Rogel Cancer Center awards junior clinical researchers, fellow and medical students

June 22, 2020  //  FOUND IN: Michigan Medicine News

As part of a commitment to develop promising scientists who will help improve treatment for cancer patients, the Rogel Cancer Center awards three outstanding young clinical researchers, two exceptional medical students and a powerhouse fellow.

The funding stems from a 2018 commitment of $150 million from Richard and Susan Rogel that leverages U-M’s broad and deep strengths in science, innovation and patient care.

“This significant investment in the Rogel Cancer Center is driving progress, new thinking and excitement across every aspect of our mission,” said Eric R. Fearon, M.D., Ph.D., director of the Rogel Cancer Center.

“As our health system and research enterprises struggle to recover from the coronavirus pandemic, it is especially gratifying to be able to support efforts that increase our knowledge of cancer and lead to better outcomes for our patients as well as help in training the next generation of innovators in cancer research and care.”

The awards comprise three programs from the Rogels’ gift:

Rogel Young Clinical Investigators

The Rogel Young Clinical Investigator awards provide $75,000 in effort support for one year to promising junior faculty working to establish careers as independent clinical investigators who will make a significant difference in the care of patients with cancer.

The inaugural Rogel Young Clinical Investigators are:

  • Kristen Pettit, M.D., treats patients with hematologic cancers and focuses on translational research and drug development for patients with myeloid malignancies.
  • Zachery Reichert, M.D., Ph.D., sees patients with prostate cancer and other genitourinary cancers and is interested in developing therapeutics and improving understanding of advanced prostate cancer.
  • Paul Swiecicki, M.D., sees patients with head and neck cancer and those on early stage clinical trials, with a focus on developing novel therapeutics and biomarkers for predicting response to treatment.

All three joined the Michigan Medicine Division of Hematology/Oncology in 2017 as assistant professors.

Rogel Fellow:

The Rogel Fellow program provides support for innovative and influential fellows, mentoring them and giving them the scientific freedom necessary to build creative independent research programs and become the next generation of leaders in cancer research and treatment.

Peggy Ping Hsu, M.D., Ph.D., will join U-M July 1 as the inaugural Rogel Fellow. Her goal is to understand how metabolism affects cancer cell plasticity and to pursue translational studies that will ultimately benefit patients.   

Hsu completed a joint M.D./Ph.D. program at Harvard Medical School and the Massachusetts Institute of Technology. She pursued residency in internal medicine at Brigham and Women’s Hospital and a fellowship in hematology/oncology at Dana-Farber Cancer Institute and Massachusetts General Hospital Cancer Center.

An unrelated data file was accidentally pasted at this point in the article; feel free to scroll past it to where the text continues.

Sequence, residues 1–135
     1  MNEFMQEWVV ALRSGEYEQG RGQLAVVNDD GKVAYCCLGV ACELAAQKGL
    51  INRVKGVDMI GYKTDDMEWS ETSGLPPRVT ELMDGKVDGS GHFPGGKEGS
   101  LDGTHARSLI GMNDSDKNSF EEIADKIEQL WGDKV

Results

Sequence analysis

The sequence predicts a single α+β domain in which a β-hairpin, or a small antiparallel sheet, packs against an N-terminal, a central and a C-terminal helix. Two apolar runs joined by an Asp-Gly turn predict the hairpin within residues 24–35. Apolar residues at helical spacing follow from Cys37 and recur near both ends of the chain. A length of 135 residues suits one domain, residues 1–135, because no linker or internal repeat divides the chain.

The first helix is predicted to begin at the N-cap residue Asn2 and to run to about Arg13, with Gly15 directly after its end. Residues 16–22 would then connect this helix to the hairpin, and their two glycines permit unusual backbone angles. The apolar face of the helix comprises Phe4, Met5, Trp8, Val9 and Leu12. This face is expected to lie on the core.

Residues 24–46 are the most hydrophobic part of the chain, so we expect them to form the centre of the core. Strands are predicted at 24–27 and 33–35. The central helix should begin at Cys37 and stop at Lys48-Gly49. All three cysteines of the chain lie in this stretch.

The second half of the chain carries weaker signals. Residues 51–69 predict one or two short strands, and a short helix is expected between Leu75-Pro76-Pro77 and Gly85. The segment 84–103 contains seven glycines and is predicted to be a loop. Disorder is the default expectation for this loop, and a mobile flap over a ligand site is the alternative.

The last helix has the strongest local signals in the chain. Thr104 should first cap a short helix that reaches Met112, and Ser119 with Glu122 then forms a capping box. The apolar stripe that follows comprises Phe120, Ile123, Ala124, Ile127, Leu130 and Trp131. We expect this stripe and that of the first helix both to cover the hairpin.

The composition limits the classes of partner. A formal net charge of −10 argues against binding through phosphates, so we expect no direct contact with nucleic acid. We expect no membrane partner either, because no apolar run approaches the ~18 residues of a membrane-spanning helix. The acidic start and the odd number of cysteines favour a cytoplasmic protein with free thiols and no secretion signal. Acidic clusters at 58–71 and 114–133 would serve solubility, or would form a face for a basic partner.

Rogel Scholarships:

These scholarships support fourth-year medical students interested in establishing a career in cancer research. Recipients were selected jointly by the Rogel Cancer Center and the U-M Medical School’s Office of Admissions. Each student will receive $50,000 in support of their fourth year of medical school.

This second round of Rogel Scholarships will go to:

Alison Baskin:

Baskin earned her bachelor’s in Human Biology from Stanford University and then spent two years conducting research at the National Institutes of Health in Bethesda, MD. She is currently working with Lesly Dossett, M.D., M.P.H., to improve patient outcomes in oncology through the reduction of low-value cancer surgeries. She will be applying into general surgery this year and plans to pursue a career as a physician-scientist in surgical oncology.

Michael Sessine:

Sessine earned a bachelor’s from the University of Michigan and is working toward and a dual medical degree and master of business administration. He is working with Todd Morgan, M.D., to understand the clinical implications of genetic predisposition to prostate cancer. He is also working with a team led by Arul Chinnaiyan, M.D., Ph.D., on a urine test to improve prostate cancer detection. He plans to pursue urology as a specialty.

In addition, the Rogel gift is funding 15 Rogel Scholars, giving these exceptional faculty intellectual freedom to take risks and develop new and innovative approaches. Other funds from the Rogels’ gift have benefited new technology and support for genetic counseling in our multidisciplinary cancer clinics.

Learn more about the Rogel gift and the programs it supports.

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